A worldwide roaming agreement between four of the world's biggest wireless operators has given the Wi-Fi hotspot market a shot in the arm.
BT (UK), StarHub (Singapore), T-Mobile (Austria, Czech Republic, Germany, Netherlands, UK, US), Telstra (Australia) and Telecom Italia (Italy), under the auspices of the Wireless Broadband Alliance (WBA), all agreed to share hotspots - meaning that any of their customers should have instant access to over 20,000 hotspots in 11 countries across the globe.
Each company has announced the agreement individually, and although all have agreed not to charge other people's customers for access for the rest of this year, charges - as yet unannounced - will be introduced in 2005. As such, while all benefit from the others' infrastructure, the company with most hotspots - in this case T-Mobile - remains in the strongest position.
BT and its Openzone service is not far behind, however, having already agreed a roaming agreement with T-Mobile earlier this month, as well as others with The Cloud (UK), Telia Homerun (Sweden), Sonera Homerun (Finland) and Airpath (US).
All customers of the WBA members should in theory be able to login at any international WBA location as if logging on to the company's own hotspot, simply by selecting their operator from a drop-down list and sticking in their name and password.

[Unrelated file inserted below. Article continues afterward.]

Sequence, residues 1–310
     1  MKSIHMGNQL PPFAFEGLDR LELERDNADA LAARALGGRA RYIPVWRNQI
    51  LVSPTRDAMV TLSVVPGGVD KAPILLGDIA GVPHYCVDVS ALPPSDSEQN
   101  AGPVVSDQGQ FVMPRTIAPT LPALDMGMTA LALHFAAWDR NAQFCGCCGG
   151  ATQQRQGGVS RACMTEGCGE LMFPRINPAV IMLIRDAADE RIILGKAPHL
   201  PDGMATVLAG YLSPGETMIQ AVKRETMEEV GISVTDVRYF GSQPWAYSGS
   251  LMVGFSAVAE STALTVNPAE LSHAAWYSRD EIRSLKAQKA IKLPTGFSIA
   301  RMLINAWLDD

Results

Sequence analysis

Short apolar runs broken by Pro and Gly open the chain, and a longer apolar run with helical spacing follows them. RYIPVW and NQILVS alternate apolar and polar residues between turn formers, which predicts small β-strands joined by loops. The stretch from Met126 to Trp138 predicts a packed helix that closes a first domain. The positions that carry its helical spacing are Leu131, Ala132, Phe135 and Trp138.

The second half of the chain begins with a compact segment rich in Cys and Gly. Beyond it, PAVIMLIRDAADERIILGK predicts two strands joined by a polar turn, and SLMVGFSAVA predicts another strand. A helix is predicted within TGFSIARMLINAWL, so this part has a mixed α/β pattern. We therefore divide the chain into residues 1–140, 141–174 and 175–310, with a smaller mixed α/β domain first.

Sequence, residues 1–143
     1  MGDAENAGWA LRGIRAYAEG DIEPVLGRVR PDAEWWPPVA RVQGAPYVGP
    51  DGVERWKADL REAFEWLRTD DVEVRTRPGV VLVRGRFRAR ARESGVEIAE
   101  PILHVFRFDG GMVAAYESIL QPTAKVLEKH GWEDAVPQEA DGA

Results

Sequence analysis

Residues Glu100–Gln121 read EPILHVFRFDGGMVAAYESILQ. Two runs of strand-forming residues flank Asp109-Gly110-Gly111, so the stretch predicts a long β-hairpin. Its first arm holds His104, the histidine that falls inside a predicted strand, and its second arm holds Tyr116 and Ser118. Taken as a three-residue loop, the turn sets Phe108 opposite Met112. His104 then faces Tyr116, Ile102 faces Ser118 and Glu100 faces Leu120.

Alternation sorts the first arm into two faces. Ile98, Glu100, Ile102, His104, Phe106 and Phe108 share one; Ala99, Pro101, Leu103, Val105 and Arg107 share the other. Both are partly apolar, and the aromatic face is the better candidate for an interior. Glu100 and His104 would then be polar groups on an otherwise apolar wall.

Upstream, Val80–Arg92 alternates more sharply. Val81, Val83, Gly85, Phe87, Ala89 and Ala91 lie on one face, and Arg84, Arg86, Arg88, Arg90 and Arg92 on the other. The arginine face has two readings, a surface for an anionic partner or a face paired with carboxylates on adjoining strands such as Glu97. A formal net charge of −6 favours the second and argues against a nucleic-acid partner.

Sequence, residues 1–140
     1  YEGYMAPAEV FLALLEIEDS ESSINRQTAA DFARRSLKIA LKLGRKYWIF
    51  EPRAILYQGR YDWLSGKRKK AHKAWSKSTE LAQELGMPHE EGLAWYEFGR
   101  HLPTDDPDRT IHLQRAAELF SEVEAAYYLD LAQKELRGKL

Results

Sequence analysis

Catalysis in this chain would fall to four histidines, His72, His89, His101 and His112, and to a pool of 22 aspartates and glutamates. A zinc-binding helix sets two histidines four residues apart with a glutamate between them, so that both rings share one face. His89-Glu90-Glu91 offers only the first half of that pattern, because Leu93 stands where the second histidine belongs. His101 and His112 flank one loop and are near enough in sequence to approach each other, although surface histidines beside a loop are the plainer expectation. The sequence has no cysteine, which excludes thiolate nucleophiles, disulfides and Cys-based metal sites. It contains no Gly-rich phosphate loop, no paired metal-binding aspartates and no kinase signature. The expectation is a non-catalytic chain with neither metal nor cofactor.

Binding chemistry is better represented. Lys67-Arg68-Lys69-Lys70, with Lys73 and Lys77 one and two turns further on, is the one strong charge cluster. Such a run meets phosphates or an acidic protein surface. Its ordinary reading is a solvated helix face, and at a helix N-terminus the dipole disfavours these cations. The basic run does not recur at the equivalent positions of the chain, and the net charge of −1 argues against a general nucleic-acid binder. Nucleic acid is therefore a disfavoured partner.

BT Openzone UK currently charges £6 for an hour and £10 for 24 hours. T-Mobile UK charges £1.50 for 15 minutes, or £5 an hour, with tariffs ranging up to 720 hours for business users, while prices in the rest of Europe are similar, depending both on which country you're in and the exchange rate.
"This announcement redefines the way that international travelers will stay connected while traveling internationally," said Kyong Yu, chairman of the WBA. "For the first time ever, the customers of our participating carriers will be able to roam across broader international wireless broadband networks with one account. These roaming arrangements set the standard for a uniform and consistent approach to international roaming that should help drive widespread adoption of wireless broadband."
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